2 Chronicles 4:3
And under it was the similitude of oxen, which did compass it round about: ten in a cubit, compassing the sea round about. Two rows of oxen were cast, when it was cast.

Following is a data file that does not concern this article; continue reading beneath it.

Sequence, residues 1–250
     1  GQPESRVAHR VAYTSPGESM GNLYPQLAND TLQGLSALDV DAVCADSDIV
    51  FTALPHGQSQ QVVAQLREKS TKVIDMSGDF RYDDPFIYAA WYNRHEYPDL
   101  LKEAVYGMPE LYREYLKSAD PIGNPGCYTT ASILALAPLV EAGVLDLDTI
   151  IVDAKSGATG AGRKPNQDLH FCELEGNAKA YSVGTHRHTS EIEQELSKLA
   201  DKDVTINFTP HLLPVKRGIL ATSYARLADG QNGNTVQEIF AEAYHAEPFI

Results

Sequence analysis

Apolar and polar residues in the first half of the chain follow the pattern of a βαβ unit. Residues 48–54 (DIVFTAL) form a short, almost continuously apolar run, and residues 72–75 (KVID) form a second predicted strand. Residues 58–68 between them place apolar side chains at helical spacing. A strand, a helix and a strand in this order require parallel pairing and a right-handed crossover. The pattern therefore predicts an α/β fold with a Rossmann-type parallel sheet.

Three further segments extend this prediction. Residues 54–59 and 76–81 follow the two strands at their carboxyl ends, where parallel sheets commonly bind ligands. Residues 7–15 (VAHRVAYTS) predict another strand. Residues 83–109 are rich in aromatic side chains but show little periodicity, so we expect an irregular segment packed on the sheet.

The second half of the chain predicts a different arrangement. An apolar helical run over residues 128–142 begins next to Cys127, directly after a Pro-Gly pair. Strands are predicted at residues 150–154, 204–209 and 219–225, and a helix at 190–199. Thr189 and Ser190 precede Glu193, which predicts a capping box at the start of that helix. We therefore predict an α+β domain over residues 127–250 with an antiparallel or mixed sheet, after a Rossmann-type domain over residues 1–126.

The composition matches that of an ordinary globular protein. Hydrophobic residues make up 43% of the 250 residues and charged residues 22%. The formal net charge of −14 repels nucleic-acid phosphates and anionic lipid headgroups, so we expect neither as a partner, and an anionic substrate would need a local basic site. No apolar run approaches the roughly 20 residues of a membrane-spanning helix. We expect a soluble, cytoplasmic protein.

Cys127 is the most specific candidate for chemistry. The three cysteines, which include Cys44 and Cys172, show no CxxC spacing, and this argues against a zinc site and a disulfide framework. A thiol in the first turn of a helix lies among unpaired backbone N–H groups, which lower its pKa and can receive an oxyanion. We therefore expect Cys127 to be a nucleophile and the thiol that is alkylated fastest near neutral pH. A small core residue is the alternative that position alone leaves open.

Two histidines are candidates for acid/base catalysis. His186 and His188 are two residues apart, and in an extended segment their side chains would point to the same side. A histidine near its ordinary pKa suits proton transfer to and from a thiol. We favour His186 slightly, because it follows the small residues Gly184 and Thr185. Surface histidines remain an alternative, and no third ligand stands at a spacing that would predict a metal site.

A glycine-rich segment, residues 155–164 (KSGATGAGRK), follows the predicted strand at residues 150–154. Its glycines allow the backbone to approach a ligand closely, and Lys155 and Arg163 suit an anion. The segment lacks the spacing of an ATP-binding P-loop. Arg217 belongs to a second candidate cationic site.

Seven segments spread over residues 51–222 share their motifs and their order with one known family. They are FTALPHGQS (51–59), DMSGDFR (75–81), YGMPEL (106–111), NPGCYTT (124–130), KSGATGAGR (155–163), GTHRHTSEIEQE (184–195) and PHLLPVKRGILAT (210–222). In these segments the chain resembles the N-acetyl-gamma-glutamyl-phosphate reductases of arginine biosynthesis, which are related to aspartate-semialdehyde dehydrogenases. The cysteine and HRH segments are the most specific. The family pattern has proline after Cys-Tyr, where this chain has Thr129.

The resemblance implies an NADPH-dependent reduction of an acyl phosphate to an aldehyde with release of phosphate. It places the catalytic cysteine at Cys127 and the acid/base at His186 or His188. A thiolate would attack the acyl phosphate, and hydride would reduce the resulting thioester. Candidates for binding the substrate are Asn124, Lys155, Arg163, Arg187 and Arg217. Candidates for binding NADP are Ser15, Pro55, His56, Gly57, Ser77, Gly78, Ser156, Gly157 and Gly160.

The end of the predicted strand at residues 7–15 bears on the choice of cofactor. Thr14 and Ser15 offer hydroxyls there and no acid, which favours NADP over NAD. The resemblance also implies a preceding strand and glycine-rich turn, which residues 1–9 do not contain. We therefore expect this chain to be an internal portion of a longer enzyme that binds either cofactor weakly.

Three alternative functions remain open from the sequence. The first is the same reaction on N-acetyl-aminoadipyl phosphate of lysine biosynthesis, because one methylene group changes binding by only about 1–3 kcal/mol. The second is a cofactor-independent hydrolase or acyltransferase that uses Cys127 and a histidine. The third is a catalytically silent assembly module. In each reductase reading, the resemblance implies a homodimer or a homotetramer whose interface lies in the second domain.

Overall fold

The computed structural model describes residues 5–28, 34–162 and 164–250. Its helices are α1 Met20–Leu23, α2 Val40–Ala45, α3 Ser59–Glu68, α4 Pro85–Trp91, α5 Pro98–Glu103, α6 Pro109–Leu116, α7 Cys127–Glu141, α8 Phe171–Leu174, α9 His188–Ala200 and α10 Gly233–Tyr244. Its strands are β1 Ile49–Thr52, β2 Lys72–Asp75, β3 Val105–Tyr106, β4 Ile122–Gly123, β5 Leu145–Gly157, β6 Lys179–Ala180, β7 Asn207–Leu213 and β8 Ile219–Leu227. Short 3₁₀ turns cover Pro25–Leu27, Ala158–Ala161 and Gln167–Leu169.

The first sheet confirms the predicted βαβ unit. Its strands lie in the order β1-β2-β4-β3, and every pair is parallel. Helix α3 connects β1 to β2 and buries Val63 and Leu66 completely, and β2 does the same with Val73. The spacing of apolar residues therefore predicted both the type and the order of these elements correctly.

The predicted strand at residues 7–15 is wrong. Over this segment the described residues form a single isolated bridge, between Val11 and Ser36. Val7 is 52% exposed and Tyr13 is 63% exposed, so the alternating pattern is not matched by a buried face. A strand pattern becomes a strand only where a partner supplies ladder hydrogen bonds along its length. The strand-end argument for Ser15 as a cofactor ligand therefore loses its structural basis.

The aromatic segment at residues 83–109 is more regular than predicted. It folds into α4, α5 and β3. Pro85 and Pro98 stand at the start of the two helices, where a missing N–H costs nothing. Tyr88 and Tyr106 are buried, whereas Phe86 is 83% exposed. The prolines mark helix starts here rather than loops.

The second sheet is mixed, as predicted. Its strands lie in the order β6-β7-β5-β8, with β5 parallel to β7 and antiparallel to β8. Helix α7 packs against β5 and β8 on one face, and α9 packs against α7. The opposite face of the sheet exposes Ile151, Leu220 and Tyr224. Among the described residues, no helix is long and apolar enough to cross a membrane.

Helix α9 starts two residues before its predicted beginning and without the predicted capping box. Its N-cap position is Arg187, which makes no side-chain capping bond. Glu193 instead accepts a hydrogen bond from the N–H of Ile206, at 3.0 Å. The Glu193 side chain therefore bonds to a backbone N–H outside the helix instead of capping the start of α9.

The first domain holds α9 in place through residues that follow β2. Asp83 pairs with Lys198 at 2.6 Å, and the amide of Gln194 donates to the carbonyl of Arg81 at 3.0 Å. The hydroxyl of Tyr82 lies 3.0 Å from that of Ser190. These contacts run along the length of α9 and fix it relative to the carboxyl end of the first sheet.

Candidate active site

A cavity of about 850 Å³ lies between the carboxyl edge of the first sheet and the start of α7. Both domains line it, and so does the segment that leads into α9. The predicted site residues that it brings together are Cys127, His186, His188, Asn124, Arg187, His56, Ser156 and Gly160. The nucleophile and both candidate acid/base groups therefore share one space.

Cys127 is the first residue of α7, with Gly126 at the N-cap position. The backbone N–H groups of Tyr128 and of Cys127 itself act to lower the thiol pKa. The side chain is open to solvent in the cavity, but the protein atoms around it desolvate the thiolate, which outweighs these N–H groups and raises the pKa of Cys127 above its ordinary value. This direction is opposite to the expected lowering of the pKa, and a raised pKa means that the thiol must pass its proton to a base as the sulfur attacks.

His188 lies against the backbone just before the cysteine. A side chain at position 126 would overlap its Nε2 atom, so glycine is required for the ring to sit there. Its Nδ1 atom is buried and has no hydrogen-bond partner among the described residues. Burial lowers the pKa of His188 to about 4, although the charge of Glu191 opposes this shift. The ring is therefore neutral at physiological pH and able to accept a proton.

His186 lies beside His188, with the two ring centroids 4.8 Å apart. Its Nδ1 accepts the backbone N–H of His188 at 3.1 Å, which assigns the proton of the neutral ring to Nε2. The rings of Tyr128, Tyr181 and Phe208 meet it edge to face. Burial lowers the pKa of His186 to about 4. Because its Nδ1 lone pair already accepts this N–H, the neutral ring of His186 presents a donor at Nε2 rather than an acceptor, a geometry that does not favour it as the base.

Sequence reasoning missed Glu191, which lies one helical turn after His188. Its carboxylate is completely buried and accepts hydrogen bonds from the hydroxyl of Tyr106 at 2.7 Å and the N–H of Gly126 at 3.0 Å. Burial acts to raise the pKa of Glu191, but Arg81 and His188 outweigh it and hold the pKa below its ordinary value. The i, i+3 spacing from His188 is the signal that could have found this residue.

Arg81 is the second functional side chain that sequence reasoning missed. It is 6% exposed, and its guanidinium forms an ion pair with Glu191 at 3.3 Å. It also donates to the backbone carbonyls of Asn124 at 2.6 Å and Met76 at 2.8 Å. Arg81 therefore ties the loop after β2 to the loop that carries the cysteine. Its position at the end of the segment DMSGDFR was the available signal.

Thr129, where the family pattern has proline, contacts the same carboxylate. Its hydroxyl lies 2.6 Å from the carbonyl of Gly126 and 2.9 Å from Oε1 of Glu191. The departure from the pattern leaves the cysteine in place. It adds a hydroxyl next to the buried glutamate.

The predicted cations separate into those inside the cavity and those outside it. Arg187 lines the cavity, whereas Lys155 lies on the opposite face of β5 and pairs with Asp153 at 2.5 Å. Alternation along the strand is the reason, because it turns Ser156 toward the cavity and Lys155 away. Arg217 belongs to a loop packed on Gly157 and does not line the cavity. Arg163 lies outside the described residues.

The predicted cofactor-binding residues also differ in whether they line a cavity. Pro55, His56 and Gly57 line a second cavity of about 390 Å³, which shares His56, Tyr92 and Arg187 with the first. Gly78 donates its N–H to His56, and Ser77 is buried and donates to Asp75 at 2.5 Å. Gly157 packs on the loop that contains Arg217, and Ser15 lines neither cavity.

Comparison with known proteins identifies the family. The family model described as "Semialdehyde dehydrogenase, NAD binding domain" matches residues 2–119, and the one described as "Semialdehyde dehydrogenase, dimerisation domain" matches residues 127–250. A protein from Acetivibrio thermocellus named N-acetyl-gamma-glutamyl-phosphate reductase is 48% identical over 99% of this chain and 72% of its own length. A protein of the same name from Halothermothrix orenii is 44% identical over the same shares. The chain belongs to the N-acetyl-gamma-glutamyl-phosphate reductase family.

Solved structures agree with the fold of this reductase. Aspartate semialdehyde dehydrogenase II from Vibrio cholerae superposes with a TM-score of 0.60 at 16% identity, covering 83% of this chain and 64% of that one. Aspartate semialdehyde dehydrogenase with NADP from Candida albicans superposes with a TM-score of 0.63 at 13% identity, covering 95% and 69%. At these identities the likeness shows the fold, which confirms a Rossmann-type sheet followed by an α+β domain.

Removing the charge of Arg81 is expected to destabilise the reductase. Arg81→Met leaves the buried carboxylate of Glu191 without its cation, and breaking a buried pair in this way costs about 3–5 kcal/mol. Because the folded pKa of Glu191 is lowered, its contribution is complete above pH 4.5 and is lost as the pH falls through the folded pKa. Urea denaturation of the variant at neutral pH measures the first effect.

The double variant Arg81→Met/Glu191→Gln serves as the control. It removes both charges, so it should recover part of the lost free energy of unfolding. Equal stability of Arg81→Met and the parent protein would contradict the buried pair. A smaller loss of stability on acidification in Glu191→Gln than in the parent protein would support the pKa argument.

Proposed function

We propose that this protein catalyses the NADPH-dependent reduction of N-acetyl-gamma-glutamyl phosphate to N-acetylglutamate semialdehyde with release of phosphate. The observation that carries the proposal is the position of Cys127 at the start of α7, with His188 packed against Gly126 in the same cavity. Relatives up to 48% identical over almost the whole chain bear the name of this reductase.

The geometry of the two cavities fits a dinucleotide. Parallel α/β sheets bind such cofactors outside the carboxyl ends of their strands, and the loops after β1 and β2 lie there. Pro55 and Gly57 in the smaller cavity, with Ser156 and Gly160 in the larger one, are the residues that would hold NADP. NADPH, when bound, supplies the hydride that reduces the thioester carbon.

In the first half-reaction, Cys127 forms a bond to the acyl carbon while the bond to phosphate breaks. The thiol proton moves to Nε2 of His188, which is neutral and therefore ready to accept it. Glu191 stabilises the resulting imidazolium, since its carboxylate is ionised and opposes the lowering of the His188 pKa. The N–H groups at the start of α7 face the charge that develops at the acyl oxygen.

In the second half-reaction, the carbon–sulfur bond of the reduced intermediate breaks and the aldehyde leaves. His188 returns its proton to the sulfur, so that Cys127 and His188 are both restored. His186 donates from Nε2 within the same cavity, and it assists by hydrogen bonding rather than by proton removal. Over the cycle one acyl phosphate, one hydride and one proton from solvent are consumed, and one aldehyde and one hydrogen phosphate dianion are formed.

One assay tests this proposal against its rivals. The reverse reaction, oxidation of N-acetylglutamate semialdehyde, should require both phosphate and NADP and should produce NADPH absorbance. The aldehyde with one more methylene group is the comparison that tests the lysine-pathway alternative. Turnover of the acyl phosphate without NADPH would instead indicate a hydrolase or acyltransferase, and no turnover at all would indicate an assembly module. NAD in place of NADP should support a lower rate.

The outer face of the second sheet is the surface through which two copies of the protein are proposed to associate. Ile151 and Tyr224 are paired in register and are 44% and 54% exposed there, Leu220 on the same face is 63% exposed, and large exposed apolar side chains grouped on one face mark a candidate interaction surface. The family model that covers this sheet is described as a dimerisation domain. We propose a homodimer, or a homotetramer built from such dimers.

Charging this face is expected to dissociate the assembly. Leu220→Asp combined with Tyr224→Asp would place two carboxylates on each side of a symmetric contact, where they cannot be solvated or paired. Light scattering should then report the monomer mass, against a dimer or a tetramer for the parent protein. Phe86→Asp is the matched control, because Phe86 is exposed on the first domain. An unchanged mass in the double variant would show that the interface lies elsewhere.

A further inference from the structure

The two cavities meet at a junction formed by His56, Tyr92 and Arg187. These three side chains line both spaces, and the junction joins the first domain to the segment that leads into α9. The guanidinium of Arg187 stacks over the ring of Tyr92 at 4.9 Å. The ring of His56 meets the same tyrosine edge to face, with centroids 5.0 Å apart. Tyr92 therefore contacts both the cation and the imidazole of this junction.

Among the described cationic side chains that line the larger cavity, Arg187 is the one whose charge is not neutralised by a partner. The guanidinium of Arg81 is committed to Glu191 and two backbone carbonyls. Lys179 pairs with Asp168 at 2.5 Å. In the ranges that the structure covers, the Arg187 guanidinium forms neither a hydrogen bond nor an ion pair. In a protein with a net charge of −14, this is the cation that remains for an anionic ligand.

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(3) And under it was the similitude of oxen.—Literally, And a likeness of oxen (figured oxen) under it around surrounding it, ten in the cubit encompassing the sea around: two rows were the oxen, smelted in the smelting of it. In the parallel passage (1Kings 7:24) we read: And wild gourds underneath its lip around surrounding it,” &c., as here; two of rows were the gourds, smelted in the smelting thereof. The Hebrew words for “oxen” and “gourds” might easily be confused by a transcriber, and accordingly it is assumed by most commentators that the text of the chronicler has suffered corruption, and should be restored from that of Kings. But there seems no reason—unless we suppose that each writer has given an exhaustive description, which is clearly not the case—why the ornamental rows which ran round the great basin should not have included both features, small figures of oxen, as well as wild gourds. Reuss objects on the ground of the diminutive size of the axon (“ten in a cubit”); but such work was by no means beyond the resources of ancient art. (Comp. the reliefs on the bronze doors of Shalmaneser 11. (859-825 B.C. ); 1Kings 7:29 actually gives an analogous instance.) The word pĕqā’îm, “wild gourds,” only occurs in one other place of Kings, viz., 1Kings 6:18. (Comp. paqqû‘ôth, 2Kings 4:39.) A copyist of Kings might nave inadvertently repeated the word from the former passage in 1Kings 7:24. In any case it is sheer dogmatism to assert that “the copyists (in the Chronicle) have absurdly changed the gourds into oxen” (Reuss). The Syriac and Arabic omit this verse; but the LXX. and Vulg. have it.